Fact check: real runners don’t walk
You may see walking as a sign of failure. You don’t do that as a runner, right? Nothing could be further from the truth! Walking can actually contribute to the effectiveness of your training and recovery.
As a runner, you can make smart use of walking. Alternating between running and walking is the ideal way to build up. Particularly if you have not done any sports for a while, starting running right away is not recommended and you can use walking to strengthen your muscles, tendons and joints. Your body will thank you, because the strain of walking is less than running. In this way, you reduce the risk of injuries and get off to a successful start!
Build up your condition
The combination of running and walking is a good way to build up your condition. Use the walking breaks as a recovery moment, allowing your breathing to slow down before starting the next running pace. In this way, you can do the intervals at a higher pace and more easily complete more repetitions. As an added bonus: because you don’t run for long periods at a time, fatigue is less likely to affect your running posture.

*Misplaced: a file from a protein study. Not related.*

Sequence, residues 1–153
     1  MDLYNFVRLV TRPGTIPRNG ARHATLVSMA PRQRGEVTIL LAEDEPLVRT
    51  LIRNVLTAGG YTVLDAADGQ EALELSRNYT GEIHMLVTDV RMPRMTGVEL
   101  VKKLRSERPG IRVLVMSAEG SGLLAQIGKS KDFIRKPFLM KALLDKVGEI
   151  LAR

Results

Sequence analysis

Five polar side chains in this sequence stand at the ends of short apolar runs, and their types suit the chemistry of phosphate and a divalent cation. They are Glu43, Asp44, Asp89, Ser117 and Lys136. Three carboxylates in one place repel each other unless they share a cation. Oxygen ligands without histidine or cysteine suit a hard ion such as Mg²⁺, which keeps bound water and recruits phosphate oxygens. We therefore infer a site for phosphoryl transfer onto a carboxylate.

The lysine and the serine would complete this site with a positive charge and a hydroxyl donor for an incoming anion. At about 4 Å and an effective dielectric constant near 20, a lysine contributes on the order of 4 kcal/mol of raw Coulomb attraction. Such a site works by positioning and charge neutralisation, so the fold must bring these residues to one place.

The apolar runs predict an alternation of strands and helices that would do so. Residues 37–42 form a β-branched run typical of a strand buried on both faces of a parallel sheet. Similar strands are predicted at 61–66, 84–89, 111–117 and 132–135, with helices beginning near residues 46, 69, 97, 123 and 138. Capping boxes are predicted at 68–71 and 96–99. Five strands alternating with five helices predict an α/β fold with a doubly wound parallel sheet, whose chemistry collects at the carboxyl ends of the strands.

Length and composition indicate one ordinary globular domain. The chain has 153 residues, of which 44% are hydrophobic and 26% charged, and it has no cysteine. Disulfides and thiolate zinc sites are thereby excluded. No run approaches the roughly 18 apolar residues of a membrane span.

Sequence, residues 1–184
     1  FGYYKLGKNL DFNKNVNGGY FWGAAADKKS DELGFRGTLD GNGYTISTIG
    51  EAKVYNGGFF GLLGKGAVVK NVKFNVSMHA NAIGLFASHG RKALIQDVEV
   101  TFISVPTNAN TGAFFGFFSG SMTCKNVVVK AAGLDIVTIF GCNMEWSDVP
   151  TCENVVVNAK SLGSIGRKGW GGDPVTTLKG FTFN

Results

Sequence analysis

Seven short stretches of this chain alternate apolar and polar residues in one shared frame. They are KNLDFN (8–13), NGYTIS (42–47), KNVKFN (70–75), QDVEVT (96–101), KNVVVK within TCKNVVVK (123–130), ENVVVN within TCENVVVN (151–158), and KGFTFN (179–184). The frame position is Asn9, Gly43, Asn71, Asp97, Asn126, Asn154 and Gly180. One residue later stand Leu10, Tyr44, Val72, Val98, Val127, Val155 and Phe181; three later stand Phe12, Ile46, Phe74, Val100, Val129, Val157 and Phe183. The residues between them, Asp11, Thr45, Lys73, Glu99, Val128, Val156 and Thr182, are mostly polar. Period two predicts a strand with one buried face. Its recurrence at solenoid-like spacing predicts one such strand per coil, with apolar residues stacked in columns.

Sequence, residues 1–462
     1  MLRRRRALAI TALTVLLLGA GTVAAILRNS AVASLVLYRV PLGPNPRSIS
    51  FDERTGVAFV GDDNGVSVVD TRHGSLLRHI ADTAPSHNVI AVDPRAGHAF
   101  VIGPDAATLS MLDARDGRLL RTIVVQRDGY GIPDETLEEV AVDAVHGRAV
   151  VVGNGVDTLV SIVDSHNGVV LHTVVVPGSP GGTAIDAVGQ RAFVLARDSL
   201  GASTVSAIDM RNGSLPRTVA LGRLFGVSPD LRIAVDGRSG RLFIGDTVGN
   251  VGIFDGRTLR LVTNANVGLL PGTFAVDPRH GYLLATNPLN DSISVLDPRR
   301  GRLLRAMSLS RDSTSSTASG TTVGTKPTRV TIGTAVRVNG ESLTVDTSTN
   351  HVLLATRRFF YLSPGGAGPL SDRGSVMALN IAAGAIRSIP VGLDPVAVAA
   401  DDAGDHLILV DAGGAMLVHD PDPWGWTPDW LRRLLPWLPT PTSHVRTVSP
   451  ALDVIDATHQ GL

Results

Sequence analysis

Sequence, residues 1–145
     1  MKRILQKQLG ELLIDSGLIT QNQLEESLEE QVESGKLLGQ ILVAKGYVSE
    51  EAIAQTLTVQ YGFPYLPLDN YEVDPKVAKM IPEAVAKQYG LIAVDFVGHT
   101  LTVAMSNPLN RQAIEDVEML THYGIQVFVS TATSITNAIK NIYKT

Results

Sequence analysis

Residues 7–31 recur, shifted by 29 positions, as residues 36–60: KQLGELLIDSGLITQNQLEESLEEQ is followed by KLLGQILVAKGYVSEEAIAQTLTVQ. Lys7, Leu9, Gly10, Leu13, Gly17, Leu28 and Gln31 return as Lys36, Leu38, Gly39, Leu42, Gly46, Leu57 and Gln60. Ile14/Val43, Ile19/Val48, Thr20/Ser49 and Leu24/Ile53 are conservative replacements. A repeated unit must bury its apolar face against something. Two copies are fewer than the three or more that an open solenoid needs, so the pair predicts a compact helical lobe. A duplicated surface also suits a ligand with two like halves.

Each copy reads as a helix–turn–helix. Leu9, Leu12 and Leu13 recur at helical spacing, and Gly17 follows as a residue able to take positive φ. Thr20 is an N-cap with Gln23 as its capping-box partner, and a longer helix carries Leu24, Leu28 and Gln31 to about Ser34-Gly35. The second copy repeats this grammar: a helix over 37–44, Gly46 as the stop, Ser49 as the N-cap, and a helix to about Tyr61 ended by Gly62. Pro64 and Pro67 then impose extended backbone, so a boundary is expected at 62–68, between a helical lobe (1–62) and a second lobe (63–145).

Promote your recovery
Not only beginning runners benefit from walking, but also advanced runners benefit from a walking break from time to time. Walking is the best way to recover when you are training at top speed. It allows your body to replenish the store of creatine phosphate, which is used for short, explosive efforts. Although you may want to bend over with your hands on your knees to pant after a heavy exertion, it is better to keep moving. Active rest also contributes to the elimination of waste products that build up in your body during running. By not standing still after heavy exertion, but walking for a while, you stimulate this process.
So there is nothing to be ashamed of if you take a break from your run training by walking for a bit. In fact, by using walking in a targeted way, you can even use it to your advantage. Decide for yourself whether you would like to take a break with a walk during your run. If you feel that it takes you out of your rhythm, an easy jogging pace might work better for you – although your fitness level must allow for this.